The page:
From The Languages of David J. Peterson
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High Valyrian


From zālare (burning) +‎ rīza (lizard).


(Classical) IPA(key): /zalˈdriːzes/


zaldrīzes (fourth declension solar, nominative plural zaldrīzesse)

  1. dragon
    Zaldrīzes buzdari iksos daor. (Phrasebook Entry)
    A dragon is not a slave.
    -Daenerys (Game of Thrones, Episode 304)
Singular Plural Paucal Collective
Nominative zaldrīzes zaldrīzesse zaldrīzin zaldrīzer
Accusative zaldrīzī zaldrīzī zaldrīzini zaldrīzeri
Genitive zaldrīzo zaldrīzoti zaldrīzino zaldrīzero
Dative zaldrīzot zaldrīzinte zaldrīzerte
Locative zaldrīzē zaldrīzinne zaldrīzerre
Instrumental zaldrīzose zaldrīzossi zaldrīzisse zaldrīzerze
Comitative zaldrīzome zaldrīzommi zaldrīzimme zaldrīzerme
Vocative zaldrīzys zaldrīzesses zaldrīzisse zaldrīzerze

Creation and Usage Notes

Rather famously, Daenerys uses the word drakarys (spelled "dracarys" in the books) to get her dragons to breathe fire. This word is translated as "dragonfire". I found it unfortunate that a word meaning "dragonfire" would have "drac-" in it—obviously related to the Ancient Greek root that gave us "dragon" in English and related words in the rest of the Indo-European languages. The reason I found it unfortunate is it seems like a rather wild coincidence that the word meaning "dragon" would look exactly like the word that means "dragon" in our world when our world has no connection to the world in the Song of Ice and Fire universe. It's either a one in a trillion coincidence or very lazy, and I didn't like that. As a result, I decided that drakarys would be a word for actual dragonfire, distinct from other words for "fire" like perzys. I based this idea off the existence of "wildfire" in the series. It's a type of fire that has very different physical properties from ordinary fired. I reasoned that dragonfire might represent a third distinct type of fire, so having a separate word for it didn't seem like a big deal.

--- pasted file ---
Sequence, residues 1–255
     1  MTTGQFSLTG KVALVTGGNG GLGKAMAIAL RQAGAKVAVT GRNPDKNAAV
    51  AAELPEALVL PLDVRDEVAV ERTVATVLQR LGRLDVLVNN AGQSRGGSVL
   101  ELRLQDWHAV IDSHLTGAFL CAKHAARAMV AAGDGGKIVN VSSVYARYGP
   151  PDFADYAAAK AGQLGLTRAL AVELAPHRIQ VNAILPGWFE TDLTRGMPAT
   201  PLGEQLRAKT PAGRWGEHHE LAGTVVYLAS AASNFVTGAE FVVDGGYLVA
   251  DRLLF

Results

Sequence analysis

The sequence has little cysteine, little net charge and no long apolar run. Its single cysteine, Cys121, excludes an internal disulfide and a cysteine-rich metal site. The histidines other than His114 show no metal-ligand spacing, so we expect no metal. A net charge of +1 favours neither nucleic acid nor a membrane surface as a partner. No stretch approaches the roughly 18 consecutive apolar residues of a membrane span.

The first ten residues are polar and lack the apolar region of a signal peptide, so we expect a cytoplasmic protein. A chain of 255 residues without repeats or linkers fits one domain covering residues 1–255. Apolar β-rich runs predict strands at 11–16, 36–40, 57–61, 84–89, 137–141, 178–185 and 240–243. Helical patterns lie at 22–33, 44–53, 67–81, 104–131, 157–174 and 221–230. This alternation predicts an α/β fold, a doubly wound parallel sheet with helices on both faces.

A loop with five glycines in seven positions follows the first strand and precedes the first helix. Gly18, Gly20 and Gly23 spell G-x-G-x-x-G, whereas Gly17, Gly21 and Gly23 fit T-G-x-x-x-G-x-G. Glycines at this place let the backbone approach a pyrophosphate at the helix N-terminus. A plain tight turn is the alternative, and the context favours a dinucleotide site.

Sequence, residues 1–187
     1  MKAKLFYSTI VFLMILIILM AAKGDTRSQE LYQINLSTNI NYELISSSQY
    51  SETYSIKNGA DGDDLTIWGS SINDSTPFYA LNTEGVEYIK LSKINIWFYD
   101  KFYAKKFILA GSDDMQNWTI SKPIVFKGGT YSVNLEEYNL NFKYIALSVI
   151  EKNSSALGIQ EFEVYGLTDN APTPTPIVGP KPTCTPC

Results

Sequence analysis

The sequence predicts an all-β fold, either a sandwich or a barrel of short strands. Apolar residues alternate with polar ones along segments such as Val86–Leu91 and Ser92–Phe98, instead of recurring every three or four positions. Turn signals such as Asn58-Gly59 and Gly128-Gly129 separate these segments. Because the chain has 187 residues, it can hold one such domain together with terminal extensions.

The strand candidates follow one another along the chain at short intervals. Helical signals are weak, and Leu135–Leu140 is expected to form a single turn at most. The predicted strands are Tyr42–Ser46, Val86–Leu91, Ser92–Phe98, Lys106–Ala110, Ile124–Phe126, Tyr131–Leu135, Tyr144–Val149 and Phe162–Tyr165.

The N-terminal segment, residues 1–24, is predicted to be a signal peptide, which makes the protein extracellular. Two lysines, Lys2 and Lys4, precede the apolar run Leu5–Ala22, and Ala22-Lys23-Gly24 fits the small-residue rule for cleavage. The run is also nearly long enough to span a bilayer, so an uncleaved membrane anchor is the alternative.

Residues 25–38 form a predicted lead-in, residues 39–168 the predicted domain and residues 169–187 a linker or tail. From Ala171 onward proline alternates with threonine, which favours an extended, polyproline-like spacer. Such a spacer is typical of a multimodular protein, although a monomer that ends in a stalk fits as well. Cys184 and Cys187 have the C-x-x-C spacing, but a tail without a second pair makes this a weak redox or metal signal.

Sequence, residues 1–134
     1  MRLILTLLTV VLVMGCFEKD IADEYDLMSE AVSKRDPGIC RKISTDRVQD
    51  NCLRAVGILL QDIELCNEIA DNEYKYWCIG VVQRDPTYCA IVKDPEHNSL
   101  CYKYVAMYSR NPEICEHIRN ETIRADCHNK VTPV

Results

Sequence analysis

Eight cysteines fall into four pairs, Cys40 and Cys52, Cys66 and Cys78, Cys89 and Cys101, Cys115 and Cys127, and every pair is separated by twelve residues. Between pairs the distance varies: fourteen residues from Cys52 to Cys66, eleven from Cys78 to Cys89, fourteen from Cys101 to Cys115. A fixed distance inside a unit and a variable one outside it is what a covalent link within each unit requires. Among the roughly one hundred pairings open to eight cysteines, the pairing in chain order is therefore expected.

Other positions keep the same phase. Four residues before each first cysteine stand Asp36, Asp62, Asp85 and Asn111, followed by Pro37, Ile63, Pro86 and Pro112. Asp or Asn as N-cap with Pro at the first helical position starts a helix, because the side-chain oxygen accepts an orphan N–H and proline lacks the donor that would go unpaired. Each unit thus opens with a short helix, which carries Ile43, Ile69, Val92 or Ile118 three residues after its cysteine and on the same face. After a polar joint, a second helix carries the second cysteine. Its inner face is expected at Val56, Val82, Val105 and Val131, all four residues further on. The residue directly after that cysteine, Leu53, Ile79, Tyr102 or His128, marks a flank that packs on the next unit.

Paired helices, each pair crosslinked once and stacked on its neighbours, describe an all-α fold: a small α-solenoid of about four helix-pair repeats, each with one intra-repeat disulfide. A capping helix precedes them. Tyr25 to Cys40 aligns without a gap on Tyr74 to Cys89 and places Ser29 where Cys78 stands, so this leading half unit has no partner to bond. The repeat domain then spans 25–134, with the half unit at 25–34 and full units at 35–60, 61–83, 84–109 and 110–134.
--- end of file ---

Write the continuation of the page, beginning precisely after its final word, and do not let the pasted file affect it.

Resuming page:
That was my reasoning for having a new word for dragon unrelated in any way to the word drakarys. I do understand that some fans were upset by this. I accept the blame for it. I stand by my reasoning still, but I do understand. Perhaps if I'd ever had a discussion with George R. R. Martin on the subject I could've made my case and had him render his verdict, but this was between seasons 2 and 3, and his life was already quite different from what it had been before the series aired. While I had had discussions with him earlier, that was no longer going to be something I could count on.

As it happens, the word appears in one of the most famous—if not the most famous—conlang lines in the series, "A dragon is not a slave". As it happens, the syllabic structure of zaldrīzes really works well with the line: zal-DRĪ-zes buz-DA-ri IK-sos da-OR. I certainly don't regret it. I love the line, I love how it sounds, and even love the mistake Emilia Clarke made in pronouncing it.

Anyway, if you're still unhappy with zaldrīzes, I invite you to try to the line with another word—drakys or drakes or something. Maybe if they do a reboot some day and decide to hire someone to do a different High Valyrian language they can do something along those lines and we can see how the original holds up.

-David J. Peterson 03:44, 17 June 2020 (PDT)